Many Had Become Hardened…and Many Were Softened – Alma 62:41

41 But behold, because of the exceedingly great length of the war between the Nephites and the Lamanites many had become hardened, because of the exceedingly great length of the war; and many were softened because of their afflictions, insomuch that they did humble themselves before God, even in the depth of humility.

What effect does adversity have on us?
  • Some people are hardened. They build up defenses which reduce their ability to feel and which make them less empathetic toward others. As a result, they are able to carry forward with their day-to-day activities in spite of the pain they have endured, but their lives become less fulfilling as they cut themselves off from some of life’s most rewarding experiences.
  • Some people are softened. Their pain prompts them to humble themselves, which enables them to access God’s grace and His healing power. They become stronger as a result, more able to empathize with and help others in distress, more capable of doing God’s work, and, ironically, more sensitive to the emotional richness of life.
Why does adversity harden some people and soften others? Because of how they choose to respond. Mormon doesn’t say that the war humbled the people. He said that, because of the war, many people “did humble themselves.” We may not be able to choose our trials, but we ultimately can decide what effect those trials will have on us. As Neal A. Maxwell taught, “partaking of a bitter cup without becoming bitter is…part of the emulation of Jesus” (“Apply the Atoning Blood of Christ,” General Conference, October 1997).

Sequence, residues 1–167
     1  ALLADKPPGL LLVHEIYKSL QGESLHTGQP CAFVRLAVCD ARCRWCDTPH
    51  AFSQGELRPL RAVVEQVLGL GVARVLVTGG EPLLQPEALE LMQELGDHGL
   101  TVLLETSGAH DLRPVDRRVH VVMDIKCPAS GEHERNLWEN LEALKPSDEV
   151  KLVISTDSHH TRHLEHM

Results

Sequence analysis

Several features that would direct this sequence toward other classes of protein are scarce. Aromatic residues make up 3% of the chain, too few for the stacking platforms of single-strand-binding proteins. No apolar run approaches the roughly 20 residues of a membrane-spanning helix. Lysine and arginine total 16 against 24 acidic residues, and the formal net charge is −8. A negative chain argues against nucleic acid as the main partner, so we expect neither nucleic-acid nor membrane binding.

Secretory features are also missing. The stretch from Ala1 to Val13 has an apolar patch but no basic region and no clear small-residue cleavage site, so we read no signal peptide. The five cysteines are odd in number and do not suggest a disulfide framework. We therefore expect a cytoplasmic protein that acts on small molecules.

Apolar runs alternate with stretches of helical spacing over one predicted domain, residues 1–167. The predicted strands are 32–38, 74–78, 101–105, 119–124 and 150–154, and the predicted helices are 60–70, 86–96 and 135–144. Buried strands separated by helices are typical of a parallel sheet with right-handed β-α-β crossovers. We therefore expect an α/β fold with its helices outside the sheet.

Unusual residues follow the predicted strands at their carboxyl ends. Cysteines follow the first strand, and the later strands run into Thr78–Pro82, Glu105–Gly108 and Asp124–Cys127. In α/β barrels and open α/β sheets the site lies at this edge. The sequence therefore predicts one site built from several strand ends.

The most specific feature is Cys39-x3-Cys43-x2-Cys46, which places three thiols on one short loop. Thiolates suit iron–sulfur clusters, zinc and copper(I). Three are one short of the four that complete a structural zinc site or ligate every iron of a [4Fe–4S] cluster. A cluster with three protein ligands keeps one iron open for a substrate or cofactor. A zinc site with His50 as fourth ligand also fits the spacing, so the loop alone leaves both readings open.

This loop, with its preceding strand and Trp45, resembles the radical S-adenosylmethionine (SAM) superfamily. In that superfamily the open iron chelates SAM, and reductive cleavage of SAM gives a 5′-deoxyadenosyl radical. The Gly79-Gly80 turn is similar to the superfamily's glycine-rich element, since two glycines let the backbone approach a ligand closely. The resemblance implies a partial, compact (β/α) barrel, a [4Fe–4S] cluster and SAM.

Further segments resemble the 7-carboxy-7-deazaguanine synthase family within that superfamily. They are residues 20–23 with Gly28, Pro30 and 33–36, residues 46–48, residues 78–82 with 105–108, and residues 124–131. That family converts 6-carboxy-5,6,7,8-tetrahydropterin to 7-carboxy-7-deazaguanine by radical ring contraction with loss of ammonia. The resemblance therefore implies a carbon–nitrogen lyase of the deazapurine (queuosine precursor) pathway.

Today, I will choose to humble myself in the face of adversity. I will seek to apply the Atonement of Jesus Christ in my life, so that I can become stronger, not weaker, as a result of the trials I face.

One thought on “Many Had Become Hardened…and Many Were Softened – Alma 62:41

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  1. Thanks for this post. Mormon's observation that it is the response to trials and life's experience that matters demonstrates his understanding and eternal perspective. I find when I respond well with challenges, I'm focused on a long term perspective. When I respond poorly, generally I'm short sighted in my perspective and not focused on things of eternal importance.


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